A novel often takes many twists and turns, showing struggles, the ups and downs, but the end is inevitable. It is relentlessly dark. The power of noir is the shattering of the illusion that the characters can effectively operate as independent and free agents. There is no free will in noir. In a noir story, such a character is ultimately destroyed in the attempting to exercise free will. It has to be that way. It’s for the good of the hive.

Noir fiction is subversive literature. It is what barbarian minds use to hack minds civilized to live, act and think within the coconut shell of civility.

History shows that over time, civilization lose their confidence in Truth Keepers, elites fall out and go to war with each other, and that absolute belief systems, sooner or later, have a sell-by date. Books are an early warning sign of a programmed system in decline and ripe for collapse. That’s why governments, school libraries, and local authorities censor them. And noir fiction might be thought of as the canary in the coal miner’s cage. Since noir fiction is largely dismissed as crime, a thriller or a mystery it slips past like a stealth bomber.

Noir narratives are hacks that lodge inconvenient questions into the reader’s mind about the fairness, purity and sanctity of his beliefs. In the larger scheme of things, a book is a tiny hack in a vast system. Most books, and certainly most noir crime fiction, go unnoticed by most readers whose minds are under a daily official programming schedule and subject to a huge range of government and commercial hackers. Authors would like to think their book makes a difference. Realistically, it is useful to remember that the ‘literate’ person who can read and write has a mind like an immune system programmed to filter out challenges to their preset programming.

Biases are a difficult beast to defeat. Once they have their teeth in you, they can rarely be shaken off. The political turmoil in many places is the struggle to challenge the official programming. We are Rome and the barbarians are massing and occupying public spaces. The flow of contradictions calling into question the sanctioned beliefs accelerates.

In the long haul, it is the outside barbarians who bring down the old system and establish their own civilization, install their own Truth Keepers or Official Programmers, and the cycle will begin again. A new hive comes into being.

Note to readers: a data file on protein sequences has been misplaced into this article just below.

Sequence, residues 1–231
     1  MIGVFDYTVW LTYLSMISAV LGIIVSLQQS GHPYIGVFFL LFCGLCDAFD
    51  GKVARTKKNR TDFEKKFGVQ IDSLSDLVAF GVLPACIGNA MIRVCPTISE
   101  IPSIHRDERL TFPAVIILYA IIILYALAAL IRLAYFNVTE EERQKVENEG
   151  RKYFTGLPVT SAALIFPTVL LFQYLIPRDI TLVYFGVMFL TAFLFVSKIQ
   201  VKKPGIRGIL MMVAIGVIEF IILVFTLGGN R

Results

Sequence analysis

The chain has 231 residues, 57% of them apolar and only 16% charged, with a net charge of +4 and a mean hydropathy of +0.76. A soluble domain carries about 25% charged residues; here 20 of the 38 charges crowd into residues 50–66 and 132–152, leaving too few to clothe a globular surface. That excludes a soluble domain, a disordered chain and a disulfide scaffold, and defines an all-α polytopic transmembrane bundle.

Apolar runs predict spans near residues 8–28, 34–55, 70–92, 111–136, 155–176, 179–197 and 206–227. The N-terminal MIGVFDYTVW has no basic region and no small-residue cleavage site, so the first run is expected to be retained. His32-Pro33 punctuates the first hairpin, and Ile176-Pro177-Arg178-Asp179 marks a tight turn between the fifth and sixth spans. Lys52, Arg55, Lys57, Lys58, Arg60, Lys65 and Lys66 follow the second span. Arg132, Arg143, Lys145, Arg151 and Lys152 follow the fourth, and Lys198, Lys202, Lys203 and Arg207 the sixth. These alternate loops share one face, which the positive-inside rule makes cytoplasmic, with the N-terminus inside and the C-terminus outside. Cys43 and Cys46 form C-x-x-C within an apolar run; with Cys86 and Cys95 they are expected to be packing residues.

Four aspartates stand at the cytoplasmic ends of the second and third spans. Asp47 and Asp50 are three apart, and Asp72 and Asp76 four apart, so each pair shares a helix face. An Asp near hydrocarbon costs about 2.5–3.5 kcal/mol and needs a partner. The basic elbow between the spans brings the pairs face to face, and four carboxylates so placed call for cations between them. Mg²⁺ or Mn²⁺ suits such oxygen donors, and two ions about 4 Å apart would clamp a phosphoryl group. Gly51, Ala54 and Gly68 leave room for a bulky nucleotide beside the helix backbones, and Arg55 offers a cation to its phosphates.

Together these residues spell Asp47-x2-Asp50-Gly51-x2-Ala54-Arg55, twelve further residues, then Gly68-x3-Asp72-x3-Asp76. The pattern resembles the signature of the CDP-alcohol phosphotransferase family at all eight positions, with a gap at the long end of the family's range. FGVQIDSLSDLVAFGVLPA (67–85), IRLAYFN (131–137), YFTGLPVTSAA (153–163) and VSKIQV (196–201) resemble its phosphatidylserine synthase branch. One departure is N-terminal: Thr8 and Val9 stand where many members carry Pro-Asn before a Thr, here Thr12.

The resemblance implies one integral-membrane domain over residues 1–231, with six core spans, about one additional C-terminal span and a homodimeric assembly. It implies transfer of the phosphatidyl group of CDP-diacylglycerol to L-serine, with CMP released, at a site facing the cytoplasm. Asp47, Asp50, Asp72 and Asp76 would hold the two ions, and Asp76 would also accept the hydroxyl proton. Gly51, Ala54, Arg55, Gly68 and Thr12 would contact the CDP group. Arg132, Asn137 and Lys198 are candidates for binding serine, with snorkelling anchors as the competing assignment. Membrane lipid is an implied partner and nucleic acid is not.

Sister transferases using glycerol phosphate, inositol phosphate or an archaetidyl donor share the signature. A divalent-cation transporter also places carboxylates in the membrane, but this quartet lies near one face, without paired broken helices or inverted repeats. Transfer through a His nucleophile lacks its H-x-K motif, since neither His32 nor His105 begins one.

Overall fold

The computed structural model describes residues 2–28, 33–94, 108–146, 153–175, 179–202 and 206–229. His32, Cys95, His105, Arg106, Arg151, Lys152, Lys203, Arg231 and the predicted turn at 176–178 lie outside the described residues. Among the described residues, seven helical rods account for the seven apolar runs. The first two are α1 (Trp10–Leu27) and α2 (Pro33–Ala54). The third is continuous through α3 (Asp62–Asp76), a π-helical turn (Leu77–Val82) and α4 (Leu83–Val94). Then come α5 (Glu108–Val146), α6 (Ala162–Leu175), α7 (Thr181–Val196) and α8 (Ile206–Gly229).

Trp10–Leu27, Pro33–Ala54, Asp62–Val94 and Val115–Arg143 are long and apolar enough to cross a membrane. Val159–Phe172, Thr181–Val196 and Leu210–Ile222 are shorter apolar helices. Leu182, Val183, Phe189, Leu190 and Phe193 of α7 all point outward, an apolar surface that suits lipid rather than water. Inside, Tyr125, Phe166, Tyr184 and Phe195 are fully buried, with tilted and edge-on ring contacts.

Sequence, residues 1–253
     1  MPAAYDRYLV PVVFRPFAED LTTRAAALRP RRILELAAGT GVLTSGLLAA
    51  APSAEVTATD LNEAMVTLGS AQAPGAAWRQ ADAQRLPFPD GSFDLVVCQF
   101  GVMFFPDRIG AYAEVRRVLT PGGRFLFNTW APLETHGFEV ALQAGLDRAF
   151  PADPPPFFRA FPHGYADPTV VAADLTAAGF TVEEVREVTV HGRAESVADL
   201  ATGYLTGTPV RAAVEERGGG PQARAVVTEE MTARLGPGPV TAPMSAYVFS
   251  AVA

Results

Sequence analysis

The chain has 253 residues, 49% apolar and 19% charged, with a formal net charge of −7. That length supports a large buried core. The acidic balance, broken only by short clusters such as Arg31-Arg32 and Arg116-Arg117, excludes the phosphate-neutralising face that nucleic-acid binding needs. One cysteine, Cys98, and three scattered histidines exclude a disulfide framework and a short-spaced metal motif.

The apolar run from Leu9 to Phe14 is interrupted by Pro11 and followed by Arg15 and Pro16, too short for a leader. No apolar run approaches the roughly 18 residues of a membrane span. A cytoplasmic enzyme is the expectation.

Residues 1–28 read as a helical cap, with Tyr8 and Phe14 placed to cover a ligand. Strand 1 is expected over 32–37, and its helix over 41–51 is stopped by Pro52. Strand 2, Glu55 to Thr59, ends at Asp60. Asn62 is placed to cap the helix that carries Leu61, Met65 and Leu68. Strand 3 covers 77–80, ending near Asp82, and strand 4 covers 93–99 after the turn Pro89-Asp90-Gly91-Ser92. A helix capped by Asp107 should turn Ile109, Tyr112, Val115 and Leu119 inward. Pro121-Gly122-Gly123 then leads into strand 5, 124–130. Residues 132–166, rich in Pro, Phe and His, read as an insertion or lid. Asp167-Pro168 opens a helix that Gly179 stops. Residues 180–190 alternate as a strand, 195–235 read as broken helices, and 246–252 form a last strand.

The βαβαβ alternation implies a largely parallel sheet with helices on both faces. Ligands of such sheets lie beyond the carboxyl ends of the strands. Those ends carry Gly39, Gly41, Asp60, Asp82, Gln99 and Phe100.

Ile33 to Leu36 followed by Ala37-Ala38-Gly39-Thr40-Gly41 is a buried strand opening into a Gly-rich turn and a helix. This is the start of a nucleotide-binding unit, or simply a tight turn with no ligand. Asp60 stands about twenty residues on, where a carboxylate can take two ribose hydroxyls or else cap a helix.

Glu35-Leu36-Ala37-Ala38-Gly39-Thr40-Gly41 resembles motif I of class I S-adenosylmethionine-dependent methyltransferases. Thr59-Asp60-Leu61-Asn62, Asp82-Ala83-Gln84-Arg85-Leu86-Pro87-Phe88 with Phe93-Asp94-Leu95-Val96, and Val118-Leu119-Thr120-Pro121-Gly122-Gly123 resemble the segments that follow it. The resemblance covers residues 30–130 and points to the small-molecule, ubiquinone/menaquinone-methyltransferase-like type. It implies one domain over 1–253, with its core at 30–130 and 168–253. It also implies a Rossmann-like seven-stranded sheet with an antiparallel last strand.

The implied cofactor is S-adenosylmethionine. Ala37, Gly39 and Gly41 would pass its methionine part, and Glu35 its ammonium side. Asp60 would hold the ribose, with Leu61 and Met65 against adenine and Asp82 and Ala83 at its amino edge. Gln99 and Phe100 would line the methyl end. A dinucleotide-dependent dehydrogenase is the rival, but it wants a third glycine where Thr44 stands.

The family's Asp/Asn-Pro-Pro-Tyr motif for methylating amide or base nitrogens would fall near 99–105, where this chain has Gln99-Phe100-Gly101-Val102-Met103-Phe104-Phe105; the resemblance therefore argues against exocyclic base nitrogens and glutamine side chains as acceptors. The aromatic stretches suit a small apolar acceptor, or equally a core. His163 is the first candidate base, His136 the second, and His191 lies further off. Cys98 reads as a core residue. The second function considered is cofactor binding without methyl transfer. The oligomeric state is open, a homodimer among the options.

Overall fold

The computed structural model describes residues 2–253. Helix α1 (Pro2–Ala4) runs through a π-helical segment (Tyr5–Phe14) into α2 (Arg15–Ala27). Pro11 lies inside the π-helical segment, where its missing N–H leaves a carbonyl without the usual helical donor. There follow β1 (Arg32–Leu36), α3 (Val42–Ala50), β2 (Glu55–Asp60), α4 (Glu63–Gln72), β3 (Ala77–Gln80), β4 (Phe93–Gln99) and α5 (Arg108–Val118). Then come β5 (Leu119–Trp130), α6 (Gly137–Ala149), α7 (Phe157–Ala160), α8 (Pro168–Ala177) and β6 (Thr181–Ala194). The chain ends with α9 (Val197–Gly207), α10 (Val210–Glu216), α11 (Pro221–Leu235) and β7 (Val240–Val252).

When that happens, a reset button is pushed and a new system, system operators, routers, programmers evolve a new and improved security systems to keep the new imported message pure and uncorrupted. The irony is the barbarians aren’t all that different. They will work hard to prevent others doing to them what they did to the old Official Programmers. Way down the long road of time, if we are still here, cultural and social life in the hive will have been rebooted and junked many times. Will there be a new group of noir crime authors whose narratives shape, in a small way, some of the outcomes? Or will we be just another small band of barbarians who end up in a footnote in a digital history library sprawled over a hundred light years across?

Have a second look at the video.  I posted last week. It is one ‘barbarian’ who walks into the crowded square and plays the outsiders music, intoxicates the crowd and soon the locals are dancing to his tune. The sweepers, the military, everyone is won over to their side. It is a good illustration of what the Truth Keepers fear most about the barbarian.

—————————————————

www.cgmoore.com

Christopher G. Moore’s latest book is a collection of 50 essays titled Faking It in Bangkok, which is available as a kindle ebook.

Share Button

Related posts:

Comments

comments

Leave a Reply

Your email address will not be published. Required fields are marked *